Examples: Tube TVs, MD 20/20, fast food meals, porch sitting, bus rides.
-- an increase in the price of substitutes
Examples: the price of tea increases and the demand for coffee increases;
the price of beef increases and the demand for chicken increases.
-- a decrease in the price of complements
Example: the price of gasoline falls and the demand for SUV's increases,
the room rate for a hotel near the golf course falls and the demand for golf increases.
-- a change in expectations of what will happen.
If you expect the shares of stock of a company will rise in value, you increase your demand for
the stock; if you expect prices of toilet paper or tuna fish or gold to rise in the future, you increase your
demand for the product now.
-- consumer tastes change.
While this sometimes happens due to an advertising campaign or a medical report on health
benefits, do not use this explanation unless you can explain what caused the change in tastes, and can
show that changes in price or income were not sufficient to explain the shift in demand.
Change income or prices of other goods in the opposite fashion to get the factors behind a decrease in demand.
Changes that lead to an increase of supply.
Anything that reduces the marginal cost of production at any given quantity of output leads to an increase
in supply.
This includes lower wages for workers in the industry, lower prices of raw materials or technological change.
Note: the common impression that technological change makes things more expensive is mistaken, except when
the change makes it possible to produce new goods (and this is an increase of supply from zero). Inventions do not get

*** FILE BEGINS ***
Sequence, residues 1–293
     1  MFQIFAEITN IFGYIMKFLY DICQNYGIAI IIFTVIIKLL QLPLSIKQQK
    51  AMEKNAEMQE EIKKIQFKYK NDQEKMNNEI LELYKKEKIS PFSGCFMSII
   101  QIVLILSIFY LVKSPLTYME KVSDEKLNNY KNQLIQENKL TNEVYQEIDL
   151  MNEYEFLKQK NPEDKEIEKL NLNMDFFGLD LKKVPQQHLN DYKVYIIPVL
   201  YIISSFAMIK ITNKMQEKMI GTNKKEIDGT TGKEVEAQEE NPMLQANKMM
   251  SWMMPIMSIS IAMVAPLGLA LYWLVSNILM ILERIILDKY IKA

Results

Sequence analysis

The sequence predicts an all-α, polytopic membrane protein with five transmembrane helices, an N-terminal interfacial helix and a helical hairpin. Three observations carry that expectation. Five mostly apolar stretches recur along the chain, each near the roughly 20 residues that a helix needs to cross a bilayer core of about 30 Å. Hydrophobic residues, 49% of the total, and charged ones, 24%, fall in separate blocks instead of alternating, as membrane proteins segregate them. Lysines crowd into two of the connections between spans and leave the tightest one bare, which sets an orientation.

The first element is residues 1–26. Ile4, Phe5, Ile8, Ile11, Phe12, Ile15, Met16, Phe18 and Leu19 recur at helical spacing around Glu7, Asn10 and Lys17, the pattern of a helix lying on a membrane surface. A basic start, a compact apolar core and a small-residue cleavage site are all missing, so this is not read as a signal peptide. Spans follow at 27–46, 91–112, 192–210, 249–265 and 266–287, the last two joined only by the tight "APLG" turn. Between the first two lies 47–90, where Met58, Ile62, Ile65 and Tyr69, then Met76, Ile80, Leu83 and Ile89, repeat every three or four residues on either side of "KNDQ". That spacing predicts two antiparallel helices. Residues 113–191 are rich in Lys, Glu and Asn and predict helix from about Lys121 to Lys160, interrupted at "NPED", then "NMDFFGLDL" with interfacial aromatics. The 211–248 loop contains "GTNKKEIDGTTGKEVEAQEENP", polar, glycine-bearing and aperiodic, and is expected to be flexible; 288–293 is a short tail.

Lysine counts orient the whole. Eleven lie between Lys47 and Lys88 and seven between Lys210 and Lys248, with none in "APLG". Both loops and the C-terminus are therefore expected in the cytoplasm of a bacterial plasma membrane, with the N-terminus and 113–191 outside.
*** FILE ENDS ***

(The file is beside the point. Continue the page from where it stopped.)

adopted by firms unless they are profitable.
Joseph Schumpeter made the distinction between invention (scientific discovery) and innovation (the adoption of
an invention by firms, and pointed out that a long time could elapse between the two.
Other factors leading to an increase of supply:
-- expectations of future price decreases may increase supply now, as producers reduce inventories.
-- greater number of producers of a good will increase supply.
Graphically, an increase of supply is shown by a shift DOWN of the supply curve.
A lower cost of production makes producers willing, if they have to, to accept lower prices.
The vertical axis of a supply-demand graph is the price axis, so the curve begins at a lower point.
The major explanation of a decrease in supply is, of course, any factor that increases the marginal cost of
production for any given quantity.
Note that when supply shifts, the new equilibrium price and quantity move in opposite directions:
price drops and quantity increases in the case of an increase in supply,
price rises and quantity decreases in case of a decrease in supply.
Double shifts
When two changes occur at once, one affecting supply and the other demand, we can be sure of the
qualitative change in either price or quantity, but not both. Unless we have information on the equations of
supply and demand, we will be uncertain of the equilibrium change in either price or quantity.
Example: assume that wages in the auto industry increase, while incomes generally are falling.
The wage increase would lead to a shift upwards of the supply (a decrease in supply) in the auto
industry; the decrease of incomes would lead to a decrease in demand (if autos are a normal good). The graphs
below are meant to demonstrate that:
a. We know that the quantity of automobiles will fall -- both producers and consumers would reduce
their quantities at any given price.
b. Producers would require an increase in price at any given quantity; consumers would want a fall in
price in order to purchase the same quantity. What happens to price depends on the size of the shifts in supply
and demand.
Graph 1 -- Demand shifts more than supply
Quantity and price both fall
Graph 2 -- Supply shifts more than demand
Quantity falls, price rises
You should draw a graph in which supply and demand shift equally, to show that price can remain unchanged
while quantity falls.
Also draw three graphs for each of the following double shifts:
a. Demand and supply both increase (quantity increases, price uncertain)
b. Demand increases, but supply decreases (price increases, quantity uncertain)
c. Demand decreases, but supply increases (price decreases, quantity uncertain).